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Job fears after Miller Construction is sold

MILLER Group has effectively given Galliford Try £7 million to take over its construction business in a move which means uncertainty for hundreds of workers.

MOVE: Miller Group, led by Keith Miller, will focus on housebuilding and commercial property. Picture: Stewart Attwood
MOVE: Miller Group, led by Keith Miller, will focus on housebuilding and commercial property. Picture: Stewart Attwood

The deal sees Galliford agree to pay £16.57m but also get a £23m cash balance to go along with its purchase of Miller Construction.

Edinburgh based Miller Group, headed by Keith Miller, indicated the £23m was necessary working capital for the construction business. It further pointed out the subsidiary was being transferred with a nil net assets balance in spite of having gross assets of £232m at the end of 2013.

Galliford Try, which also operates as Morrison Construction in Scotland, stated an intention to make £7m of cost savings and a likelihood it will have to pay £4m of one-off restructuring costs.

The Ucatt construction workers union declined to comment on the possible implications of the restructuring.

Industry sources suggested large scale redundancies seem unlikely but conceded job losses are inevitable.

Miller Construction was said to have booked £409m of revenue in 2013 but made a loss of £4m.

It employs around 700 staff across the UK with its main head office functions in Edinburgh.

Miller Group said it planned to concentrate on its activities in housebuilding and commercial property.

Chairman Philip Bowman said: "The acquisition of Miller Construction by Galliford Try will provide it with a strong base from which to grow its competitive position and continue to serve its clients."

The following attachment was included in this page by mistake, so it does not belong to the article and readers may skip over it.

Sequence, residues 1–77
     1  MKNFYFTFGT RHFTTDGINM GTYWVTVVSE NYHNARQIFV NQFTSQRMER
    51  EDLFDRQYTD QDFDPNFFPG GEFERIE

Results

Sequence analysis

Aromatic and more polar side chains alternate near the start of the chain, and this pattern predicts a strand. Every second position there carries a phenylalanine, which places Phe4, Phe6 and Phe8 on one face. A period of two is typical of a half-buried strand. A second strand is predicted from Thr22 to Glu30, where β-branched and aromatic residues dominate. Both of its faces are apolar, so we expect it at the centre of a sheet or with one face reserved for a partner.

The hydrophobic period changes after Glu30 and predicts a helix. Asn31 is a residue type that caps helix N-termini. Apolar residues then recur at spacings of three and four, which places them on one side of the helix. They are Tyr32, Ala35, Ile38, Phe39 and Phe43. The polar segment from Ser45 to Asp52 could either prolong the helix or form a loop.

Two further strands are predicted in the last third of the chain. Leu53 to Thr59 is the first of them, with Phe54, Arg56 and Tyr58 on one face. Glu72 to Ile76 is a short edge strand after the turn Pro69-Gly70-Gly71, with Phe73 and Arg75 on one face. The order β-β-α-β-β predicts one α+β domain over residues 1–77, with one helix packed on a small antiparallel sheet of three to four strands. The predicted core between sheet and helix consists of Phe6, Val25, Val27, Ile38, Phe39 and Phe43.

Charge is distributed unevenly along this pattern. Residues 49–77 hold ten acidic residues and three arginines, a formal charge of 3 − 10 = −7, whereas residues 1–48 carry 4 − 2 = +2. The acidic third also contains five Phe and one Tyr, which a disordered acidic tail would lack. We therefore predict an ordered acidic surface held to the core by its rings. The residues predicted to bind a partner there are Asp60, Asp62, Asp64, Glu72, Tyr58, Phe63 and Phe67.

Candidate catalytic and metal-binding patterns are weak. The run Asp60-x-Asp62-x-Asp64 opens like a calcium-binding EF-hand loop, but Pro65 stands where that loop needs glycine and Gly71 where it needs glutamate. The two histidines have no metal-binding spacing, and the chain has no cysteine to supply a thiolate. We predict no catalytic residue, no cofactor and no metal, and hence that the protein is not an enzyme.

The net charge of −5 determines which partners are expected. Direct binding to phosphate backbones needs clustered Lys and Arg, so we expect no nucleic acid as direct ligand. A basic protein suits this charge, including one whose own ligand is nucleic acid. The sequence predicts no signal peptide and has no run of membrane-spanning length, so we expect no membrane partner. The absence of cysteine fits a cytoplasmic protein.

In recent months Miller Construction has picked up a £156m contract to build and maintain six schools in the north east of England, a £31.4m community campus in Alford, Aberdeenshire and a £30m school in Holywell, North Wales.

In Scotland Galliford Try was one of the consortium which won the contract for the Aberdeen Western Peripheral Route and it is also working on the second Forth crossing.

Previously the group has worked on the completion of the M74 motorway and the Airdrie to Bathgate rail link.

Morrison Construction employs around 1,200 people with Scottish bases in Inverness, Grangemouth and Edinburgh.

Galliford Try said the deal means it is targeting £1.5 billion of annual construction revenue by 2018.

Alongside that its order book has effectively doubled to £2.8bn.

During the 2013 financial year and subsequently, Miller Construction has restructured or exited a number of mainly loss-making contracts and is now anticipated to return to profitability in the current year.

Galliford Try Greg Fitzgerald, chief executive, said: "We are delighted to announce the acquisition of Miller Construction, achieved at a very good price and with no net cash consideration.

"The acquisition brings together two construction businesses with a strong strategic fit and accelerates our strategy of growth into an improving marketplace."

Panmure Gordon analyst Rachael Applegate said: "Whilst Miller was loss making in 2013, after exiting some contracts it should return to profit in 2014.

"With the benefit of synergies, Galliford Try believes that the acquisition should be earnings enhancing in its 2015 financial year.

"Whilst this is good news, we believe that the stock remains overvalued at present.

"We therefore have a sell recommendation for now."

Miller Group has been majority owned by private equity firm Blackstone, through its GSO Capital Partners arm, since 2011.

At that time Royal Bank of Scotland, Bank of Scotland and National Australia Bank swapped debt for equity in a major refinancing with Noble Grossart, Miller management and Miller family members also among the shareholders.

In March, while unveiling a 58 per cent hike in profits for 2013 to £10.8m, Keith Miller admitted a stock market flotation was one option the group was looking at.

Contextual targeting label: 
home improvement

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